If you suffer from low confidence and low self-esteem, you may be familiar with the an effect I refer to as the Paradox of Confidence. It’s a self-esteem Catch-22; you don’t feel confident because you have no accomplishments to feel confident about. However, without having that confidence in the first place, you aren’t able to achieve those accomplishments in the first place.
In case it wasn’t obvious, is a wonderful way to set yourself up for failure. After all, part of having confidence in the first place is being able to trust yourself and in your abilities. But how could you possibly be confident if all you have are failures, flaws and missed opportunities? But because you have no confidence in yourself or your abilities, you sabotage your best efforts; you take fewer chances, you don’t try as hard and you can’t rebound as quickly or easily from mistakes or failures. These experiences just go on to confirm that yes, you shouldn’t be confident, which causes you to further mistrust yourself and encourages you to just quit trying in the first place.
And if you did succeed… well, who’s to say that this was a genuine success and not some crazy black swan event, never likely to happen again? How do you build your confidence off of that? Especially if you aren’t able to accomplish that a second time?
You could be forgiven for thinking that confidence is just for other people — the gifted few who won the lottery at birth and had success handed to them on a silver platter. But you’d be wrong. The Paradox of Confidence is circular reasoning born out of misunderstanding of just what confidence is. Like validation, true confidence isn’t built from externalities; it comes from within yourself.
But rather than continuing the self-reinforcing cycle of negativity, let’s talk about the mistakes that shatter your confidence. Here’s how to break out of cycle, and develop true, bulletproof confidence.
Confidence Does NOT Come From Success
Here’s the first misconception about confidence: people think that confidence is born out of success. If you’re winning, then you keep on winning because those wins increase your confidence. This makes you feel bolder and more in tune with your abilities and more willing to take your shot.
But confidence — true confidence — doesn’t work like this. If it did, nobody could be confident. Like… ever. After all, how could you have confidence in something you have never done before? After all, everyone starts as a complete newbie at literally everything, and failure is an inherent part of learning. While it’s true that people may have advantages in some areas that others don’t, even the strongest natural talent is just a bonus to people’s stats, not a guarantee of success. That talent means nothing if they don’t build and apply those skills. That, in turn, means that they aren’t going to be guaranteed success, especially when they’re first learning.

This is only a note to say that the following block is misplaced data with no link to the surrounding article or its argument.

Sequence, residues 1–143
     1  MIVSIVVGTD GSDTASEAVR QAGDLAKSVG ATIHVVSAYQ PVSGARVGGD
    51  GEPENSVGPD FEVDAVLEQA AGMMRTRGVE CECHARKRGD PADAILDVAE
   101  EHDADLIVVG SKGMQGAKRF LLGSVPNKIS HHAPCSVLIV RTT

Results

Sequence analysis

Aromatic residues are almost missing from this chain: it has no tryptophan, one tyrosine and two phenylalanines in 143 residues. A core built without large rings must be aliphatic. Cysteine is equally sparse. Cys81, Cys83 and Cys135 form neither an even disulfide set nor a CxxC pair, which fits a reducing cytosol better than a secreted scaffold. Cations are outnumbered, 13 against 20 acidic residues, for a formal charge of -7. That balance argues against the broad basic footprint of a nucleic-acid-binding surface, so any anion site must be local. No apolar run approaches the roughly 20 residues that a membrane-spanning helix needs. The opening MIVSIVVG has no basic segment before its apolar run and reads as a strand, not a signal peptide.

And every D&D player can tell you: it doesn’t matter how good your stats are; you can still roll a critical failure.
However, one of the things we don’t talk about is how little success helps with confidence. You can be incredibly successful — someone who has it all, by any objective measure — and still have low to no confidence. Not only does overall success not guarantee confidence, but success (or confidence, for that matter) in one area doesn’t necessarily translate to confidence in other areas. Those credits simply don’t transfer. Millionaires and politicians can be the thinnest skinned, most insecure people imaginable, despite their material success. Everyone has heard stories of celebrities who are complete basket-cases, needing constant reassurance from their entourage that they’re as special, smart, talented, whatever that they’re purported to be.
In fact, entertainers are a prime example of this. Many entertainers are famously insecure, in no small part because the underpinnings of their careers are out of their hands. In fact, whether a particular actor, singer or creator succeeds or fails is the result of forces that are outside of their control. Sheer talent isn’t enough; their entire success depends on the opinions and approval of others. Their careers are influenced by the dictates and fickleness of complete strangers. Even the most talented can find themselves shut out of the industry because of the changing winds of fashion and trends, the whims of studios and casting directors or even whether their work gets picked up and promoted by The Algorithm.
And even those who do make it to the top often find their position to be precarious. Brendan Fraser is a prime example of this. Despite being an incredibly bankable star who had hit after hit under his belt and the looks of a golden god, he was racked with insecurity. Ironically, his looks were actually part of the problem; he was continually hammered with criticism that he was just a pretty boy, not a tough guy or action star. In his attempt to prove that he was more than a pretty face, he quite literally destroyed his body making movies in an attempt to prove a point to people who couldn’t give less of a shit about him. There would never be a point where he could do enough to silence that criticism; no matter what benchmark he reached, people would insist that it didn’t count.